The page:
Google’s navigation app Google Maps is getting a visual upgrade. The latest update for Google Maps focuses on improving the visual quality and details of the default layer, especially the nature in Google Maps. Google Maps has three types of map layers – Default, Satellite, and Terrain. Google said that it is now leveraging a new colour-mapping algorithmic technique to translate its existing high-definition satellite imagery into the base map. Behind-the secnes, Google leveraged computer vision to identify natural features and them assign them a colour.
“Exploring a place gives you a look at its natural features – so you can easily distinguish tan, arid beaches and deserts from blue lakes, rivers, oceans, and ravines. You can know at a glance how luch and green a place is with vegetation, and even see if there are snow caps on the peak of mountaintops,” Google said while announcing the update. As an example, Google Maps will be show a dense forest as dark green, but an area of patchy shrubs gets a lighter shade. This process has been applied to all 220 countries and territories and over 100 million square kilometres of land. Google is touting Maps as having “the most comprehensive views of natural features on any major map app.”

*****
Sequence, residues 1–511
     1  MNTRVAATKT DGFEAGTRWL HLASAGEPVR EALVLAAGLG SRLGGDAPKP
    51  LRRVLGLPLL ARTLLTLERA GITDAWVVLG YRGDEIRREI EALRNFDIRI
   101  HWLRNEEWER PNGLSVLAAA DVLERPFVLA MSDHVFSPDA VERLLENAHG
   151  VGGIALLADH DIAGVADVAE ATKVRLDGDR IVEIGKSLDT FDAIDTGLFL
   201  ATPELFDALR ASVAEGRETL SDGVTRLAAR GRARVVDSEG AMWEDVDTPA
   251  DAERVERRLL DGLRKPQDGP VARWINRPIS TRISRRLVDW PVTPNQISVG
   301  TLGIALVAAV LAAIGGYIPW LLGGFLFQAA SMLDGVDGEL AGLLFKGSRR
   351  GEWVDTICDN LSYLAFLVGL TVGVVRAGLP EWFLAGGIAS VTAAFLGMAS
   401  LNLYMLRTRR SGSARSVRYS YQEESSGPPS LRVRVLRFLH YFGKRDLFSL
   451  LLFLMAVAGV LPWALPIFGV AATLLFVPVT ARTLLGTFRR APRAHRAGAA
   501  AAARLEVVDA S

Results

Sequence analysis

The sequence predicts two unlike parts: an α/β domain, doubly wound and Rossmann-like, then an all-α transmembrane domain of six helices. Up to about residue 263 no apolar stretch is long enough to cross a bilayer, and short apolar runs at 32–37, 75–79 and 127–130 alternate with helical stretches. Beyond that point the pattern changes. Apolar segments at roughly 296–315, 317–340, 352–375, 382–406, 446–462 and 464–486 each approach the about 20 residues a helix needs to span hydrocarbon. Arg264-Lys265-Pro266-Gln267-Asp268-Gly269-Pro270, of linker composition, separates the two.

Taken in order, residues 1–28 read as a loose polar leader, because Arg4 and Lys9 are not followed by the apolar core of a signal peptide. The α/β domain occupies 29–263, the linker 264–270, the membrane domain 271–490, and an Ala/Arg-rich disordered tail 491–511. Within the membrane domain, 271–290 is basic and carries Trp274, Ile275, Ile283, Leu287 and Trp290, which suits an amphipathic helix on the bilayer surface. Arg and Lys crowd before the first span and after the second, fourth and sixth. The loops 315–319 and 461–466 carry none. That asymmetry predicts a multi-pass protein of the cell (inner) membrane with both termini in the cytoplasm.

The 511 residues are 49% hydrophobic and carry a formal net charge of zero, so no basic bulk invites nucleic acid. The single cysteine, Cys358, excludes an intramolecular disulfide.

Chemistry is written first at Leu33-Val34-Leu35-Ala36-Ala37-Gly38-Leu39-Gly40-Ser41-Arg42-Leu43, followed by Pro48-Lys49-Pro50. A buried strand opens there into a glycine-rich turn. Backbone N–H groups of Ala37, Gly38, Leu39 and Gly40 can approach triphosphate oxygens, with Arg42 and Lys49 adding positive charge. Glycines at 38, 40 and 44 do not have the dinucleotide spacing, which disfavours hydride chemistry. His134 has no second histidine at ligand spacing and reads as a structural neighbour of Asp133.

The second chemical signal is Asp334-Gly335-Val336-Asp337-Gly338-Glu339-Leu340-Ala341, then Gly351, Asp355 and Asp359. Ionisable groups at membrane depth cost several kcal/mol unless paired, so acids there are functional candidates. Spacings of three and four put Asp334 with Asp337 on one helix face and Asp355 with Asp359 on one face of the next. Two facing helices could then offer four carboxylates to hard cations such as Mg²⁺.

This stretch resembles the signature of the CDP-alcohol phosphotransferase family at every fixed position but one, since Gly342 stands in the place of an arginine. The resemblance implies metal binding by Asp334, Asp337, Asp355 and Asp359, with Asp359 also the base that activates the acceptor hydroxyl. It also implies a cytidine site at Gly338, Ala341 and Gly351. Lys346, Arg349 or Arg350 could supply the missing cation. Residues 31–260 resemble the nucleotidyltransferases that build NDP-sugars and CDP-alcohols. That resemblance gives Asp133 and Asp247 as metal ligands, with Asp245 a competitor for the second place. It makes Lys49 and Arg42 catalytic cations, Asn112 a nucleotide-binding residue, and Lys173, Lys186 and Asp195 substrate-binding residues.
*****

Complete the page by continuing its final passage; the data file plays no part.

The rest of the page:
Apart from nature, Google Maps will soon add a highly detailed street information that shows the accurate shape and width of a road to scale. “You can also see exactly where sidewalks, crosswalks, and pedestrian islands are located–crucial information if you have accessibility needs, like wheelchair or stroller requirements,” Google said. This new street view will appear in cities like London, New York, and San Francisco over the coming months and then expand to other cities.